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Web Letter

I reject the basic premise of your article, namely, that Republicans would somehow take offense at Obama appointing an investigator to uncover potential crimes of the Bush administration.

First of all, why would Republicans balk at investigating crimes against the Constitution? Don't "they" believe in the rule of law? Why do so many pundits presuppose the GOP is not willing to look critically at the Bush administration's actions over the past eight years?

The GOP should loathe these past eight years because Bush sunk the party. By essentially creating a despot, the Bush administration veered so far to the right--they took all the moderate Republicans and independents and drove them all to the Democratic side--just look at elections 2006 and 2008.

Obama does not need to appease the right. He should be more concerned with uncovering serious crimes that took place these past eight years--and torture is only the tip of the iceberg. Bush put into place many secret laws and directives that will adversely impact the Government for years to come.

Finally, as a private citizen, "I" want to know what my Government has been doing in my name for the past eight years! I want to know if US citizens are being spied upon by spooks in our own government; I would like to know who authorized torture and what was gained for such savagery; I would like to know who has received the hundreds of billions of dollars of bailout money; I would like to know how the Pentagon was hit by a plane and no one sounded any type of alarm; I would like to know why Condi Rice and Bush himself said no one could have ever predicted bin Laden would fly planes into the WTC, when they were both warned of exactly that type of scenario happening; and I would like to know what type of intelligence Doug Feith's Office of Special Plans generated for the White House in the months leading up to the invasion.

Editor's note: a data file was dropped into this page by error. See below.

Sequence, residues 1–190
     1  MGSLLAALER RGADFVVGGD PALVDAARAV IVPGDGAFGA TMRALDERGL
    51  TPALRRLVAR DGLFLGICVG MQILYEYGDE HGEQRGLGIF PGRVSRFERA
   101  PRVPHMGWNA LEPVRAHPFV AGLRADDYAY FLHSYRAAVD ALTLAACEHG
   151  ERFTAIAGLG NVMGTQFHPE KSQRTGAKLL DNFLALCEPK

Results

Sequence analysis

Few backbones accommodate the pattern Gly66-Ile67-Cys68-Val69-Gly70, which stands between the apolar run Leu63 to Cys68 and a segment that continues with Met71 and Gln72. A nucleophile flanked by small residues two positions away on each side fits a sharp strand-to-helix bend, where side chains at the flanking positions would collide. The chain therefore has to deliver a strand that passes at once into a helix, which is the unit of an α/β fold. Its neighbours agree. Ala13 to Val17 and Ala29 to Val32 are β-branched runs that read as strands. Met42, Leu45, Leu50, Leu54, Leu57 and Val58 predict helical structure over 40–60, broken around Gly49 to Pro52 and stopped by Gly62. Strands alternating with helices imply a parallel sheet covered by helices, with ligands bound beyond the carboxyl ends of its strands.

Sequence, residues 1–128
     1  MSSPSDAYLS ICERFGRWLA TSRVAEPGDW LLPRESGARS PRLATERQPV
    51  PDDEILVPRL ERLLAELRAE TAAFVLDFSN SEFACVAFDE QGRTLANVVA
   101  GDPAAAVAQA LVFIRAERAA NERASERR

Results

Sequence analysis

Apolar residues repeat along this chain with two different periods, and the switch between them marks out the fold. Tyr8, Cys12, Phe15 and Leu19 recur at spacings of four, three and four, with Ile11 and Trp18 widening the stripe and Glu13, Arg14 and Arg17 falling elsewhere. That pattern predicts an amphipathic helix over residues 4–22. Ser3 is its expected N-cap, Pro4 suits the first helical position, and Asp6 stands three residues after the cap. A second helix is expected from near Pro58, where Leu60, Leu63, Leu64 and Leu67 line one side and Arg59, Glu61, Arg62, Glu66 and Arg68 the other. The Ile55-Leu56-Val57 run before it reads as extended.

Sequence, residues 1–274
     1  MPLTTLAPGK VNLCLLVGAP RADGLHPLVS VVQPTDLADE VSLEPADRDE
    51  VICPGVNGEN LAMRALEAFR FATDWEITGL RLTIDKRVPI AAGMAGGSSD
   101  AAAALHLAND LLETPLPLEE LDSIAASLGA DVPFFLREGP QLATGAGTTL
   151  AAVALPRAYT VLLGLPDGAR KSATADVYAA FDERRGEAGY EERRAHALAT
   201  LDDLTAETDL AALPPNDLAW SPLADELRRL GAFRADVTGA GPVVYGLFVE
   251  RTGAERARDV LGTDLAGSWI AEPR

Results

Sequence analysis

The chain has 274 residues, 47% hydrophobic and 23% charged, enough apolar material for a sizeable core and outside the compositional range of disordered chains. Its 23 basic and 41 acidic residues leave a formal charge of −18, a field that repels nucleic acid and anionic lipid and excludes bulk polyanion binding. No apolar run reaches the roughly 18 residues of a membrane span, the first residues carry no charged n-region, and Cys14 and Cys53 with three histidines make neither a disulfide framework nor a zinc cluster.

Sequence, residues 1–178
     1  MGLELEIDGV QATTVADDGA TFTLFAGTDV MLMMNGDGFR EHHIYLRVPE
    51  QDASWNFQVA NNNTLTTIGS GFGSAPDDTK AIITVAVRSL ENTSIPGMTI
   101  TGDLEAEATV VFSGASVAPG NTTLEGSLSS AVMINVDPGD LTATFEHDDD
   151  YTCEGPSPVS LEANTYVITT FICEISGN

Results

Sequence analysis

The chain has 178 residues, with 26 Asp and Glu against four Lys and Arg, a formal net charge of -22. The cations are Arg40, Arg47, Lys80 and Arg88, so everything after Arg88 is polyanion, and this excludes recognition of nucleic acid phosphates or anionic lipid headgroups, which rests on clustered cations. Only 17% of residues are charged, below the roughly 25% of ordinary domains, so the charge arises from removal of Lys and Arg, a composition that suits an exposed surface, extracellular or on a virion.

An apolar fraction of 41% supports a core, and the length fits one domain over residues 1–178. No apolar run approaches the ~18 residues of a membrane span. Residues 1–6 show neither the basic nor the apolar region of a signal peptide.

This is only a small sampling of what crimes were perpetrated by Bush, and if Obama is worried about some rogue Republicans disagreeing with open, honest investigations, then our country will be a lot worse off this next four years.

Stu Wilde

Carefree, AZ

Dec 27 2008 - 7:14pm

Web Letter

Excellent article by Brecher and Smith. I had not been aware of the conference in Andover on September 20 titled "Planning for the Prosecution of High Level American War Criminals."

There seems to be an increasing amount of serious planning to meet our moral and legal duties and prepare to prosecute these war criminals--and hopefully Obama will not block, and may even support, doing the right thing for America.

In addition to this excellent article in The Nation, there have recently been a number of articles in Harper's, Op-Ed News, Alternet and others in print and online strongly suggesting a very firm need to investigate and, if warranted, to prosecute.

The following is a comment that I wrote to Dave Lindorff about his excellent article in Op-Ed News regarding the absolute need for Obama to prosecute Bush for war crimes:

"Yes, we can"--Yes, we must.

David, I am in strong agreement with you and Scott Horton, in his excellent article "Justice after Bush" in the December issue of Harper's, arguing that Bush (and the Bush regime) can and must be prosecuted for war crimes.